Negotiations are in advanced stages with entities that can upgrade water networks in Kigali and six secondary cities across the country, the Minister for Infrastructure, James Musoni, has said.
This, Musoni said, is to ensure that the rehabilitation and upgrading of water systems in the cities can begin next fiscal year, that starts in July.
The minister said the move will see the water networks manageable using computer or phone-based system with comprehensive database.
He said the current water networks are mainly in Kigali and are old and the issue affects proper water services.
Musoni, who was speaking in Kigali on Sunday as he joined employees of the Water and Sanitation Corporation (WASAC) to mark the International Labour Day, said the new networks will be rehabilitated to solve some issues as they will boost water distribution and minimise losses through online system monitoring.
Musoni said the upgrades will ensure the networks consist of large pipes to ensure enough water is pumped and is in tandem with the size of the population in the particular city.
“This time, the pipes are plastic piping, which is different from the current ones that are largely metallic and were, therefore, corrosive,” he said.
“In the new system, the fault will be fixed as soon as it is identified. This will increase services to the people and at the same time] reduce water loss through leakage.”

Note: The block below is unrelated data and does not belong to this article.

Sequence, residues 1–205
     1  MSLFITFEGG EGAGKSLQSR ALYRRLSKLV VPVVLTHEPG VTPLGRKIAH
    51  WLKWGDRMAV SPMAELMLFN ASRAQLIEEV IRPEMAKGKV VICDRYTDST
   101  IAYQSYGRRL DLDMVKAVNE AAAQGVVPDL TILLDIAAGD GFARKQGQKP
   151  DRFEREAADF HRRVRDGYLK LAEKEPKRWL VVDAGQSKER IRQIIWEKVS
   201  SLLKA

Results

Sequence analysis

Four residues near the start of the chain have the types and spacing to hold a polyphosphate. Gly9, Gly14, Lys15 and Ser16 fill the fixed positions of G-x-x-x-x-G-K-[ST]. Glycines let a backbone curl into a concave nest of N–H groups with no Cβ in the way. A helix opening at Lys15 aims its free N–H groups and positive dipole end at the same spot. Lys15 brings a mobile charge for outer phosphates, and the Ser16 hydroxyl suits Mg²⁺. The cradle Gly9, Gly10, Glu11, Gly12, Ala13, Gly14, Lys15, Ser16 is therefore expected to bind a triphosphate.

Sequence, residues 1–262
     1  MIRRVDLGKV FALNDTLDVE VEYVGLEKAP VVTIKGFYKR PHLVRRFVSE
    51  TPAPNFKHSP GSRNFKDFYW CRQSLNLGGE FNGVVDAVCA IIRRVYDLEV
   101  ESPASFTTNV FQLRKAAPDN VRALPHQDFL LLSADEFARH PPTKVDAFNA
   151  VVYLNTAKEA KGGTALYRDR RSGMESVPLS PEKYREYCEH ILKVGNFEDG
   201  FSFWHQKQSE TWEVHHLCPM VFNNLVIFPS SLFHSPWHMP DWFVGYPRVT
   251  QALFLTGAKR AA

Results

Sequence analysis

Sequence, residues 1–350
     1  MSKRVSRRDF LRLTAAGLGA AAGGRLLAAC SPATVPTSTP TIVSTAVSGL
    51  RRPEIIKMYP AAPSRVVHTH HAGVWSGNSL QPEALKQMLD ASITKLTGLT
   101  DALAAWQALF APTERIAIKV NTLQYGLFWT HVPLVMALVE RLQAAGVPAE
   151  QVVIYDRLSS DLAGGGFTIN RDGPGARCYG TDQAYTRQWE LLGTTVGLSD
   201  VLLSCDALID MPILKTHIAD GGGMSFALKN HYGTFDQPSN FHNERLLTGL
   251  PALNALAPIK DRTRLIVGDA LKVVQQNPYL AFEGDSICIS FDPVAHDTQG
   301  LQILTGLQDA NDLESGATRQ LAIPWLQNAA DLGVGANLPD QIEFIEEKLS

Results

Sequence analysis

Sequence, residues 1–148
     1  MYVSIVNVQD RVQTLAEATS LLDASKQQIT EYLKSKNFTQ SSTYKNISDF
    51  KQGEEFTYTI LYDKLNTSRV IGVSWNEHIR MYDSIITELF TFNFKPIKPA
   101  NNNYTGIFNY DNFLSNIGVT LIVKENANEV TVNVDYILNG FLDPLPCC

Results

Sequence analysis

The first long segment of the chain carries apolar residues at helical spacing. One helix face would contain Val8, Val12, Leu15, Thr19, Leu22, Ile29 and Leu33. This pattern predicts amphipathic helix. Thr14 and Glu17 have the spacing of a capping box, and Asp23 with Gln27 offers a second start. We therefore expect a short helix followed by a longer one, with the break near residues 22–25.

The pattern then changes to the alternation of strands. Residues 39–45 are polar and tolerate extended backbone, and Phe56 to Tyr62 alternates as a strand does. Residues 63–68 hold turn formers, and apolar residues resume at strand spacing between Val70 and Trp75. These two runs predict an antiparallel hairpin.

Recently, WASAC received two recognitions, including the Global Leader Award it won from Abu Dhabi, United Arab Emirates, for good services.
WASAC chief executive James Sano said the Abu Dhabi award was bestowed to them because of the good transformation that include increasing water revenues from about Rwf900 million to about Rwf1.5 billion currently, and ensuring that 100 per cent of the subscribers are billed.
Sano said after the completion of Nzove II water treatment plant, they will embark on Nzove I, which will start with producing 40,000 cubic metres of water per day, but will have installed capacity of 65,000 cubic metres.
The Nzove I project is expected to be complete in six months (by February 2017) with its construction works due to start end of the month.
Once completed, the daily water supply in the City of Kigali will be at least 130,000 cubic metres that is above the current 100,000 cubic metres estimated daily water demand in the city.
Minister Musoni said the water issue will be solved soon, noting that the City of Kigali must have 100 per cent clean water.
He challenged WASAC that much as a lot was being done to ensure Rwandans access clean water, much effort must be put into having in place a proper sewerage system.
Musoni said, so far, residential estate and commercial buildings in Kigali are using semi-centralised sewerage systems and that there are decentralised sewage systems at household level where a person might use like a septic tank for waste disposal.
Residents, especially those with lack of financial means to set up proper waste management systems, have been struggling to manage liquid wastes.
“So, we want to take another step so that we set up a centralised sewage system, where all those [small systems] link to the same place,” he said.
The Kigali sewage system project is estimated to cost Euro 70 million.
Sano said the project will see improved waste management as all waste will be treated in the same system and get processed in one treatment plant.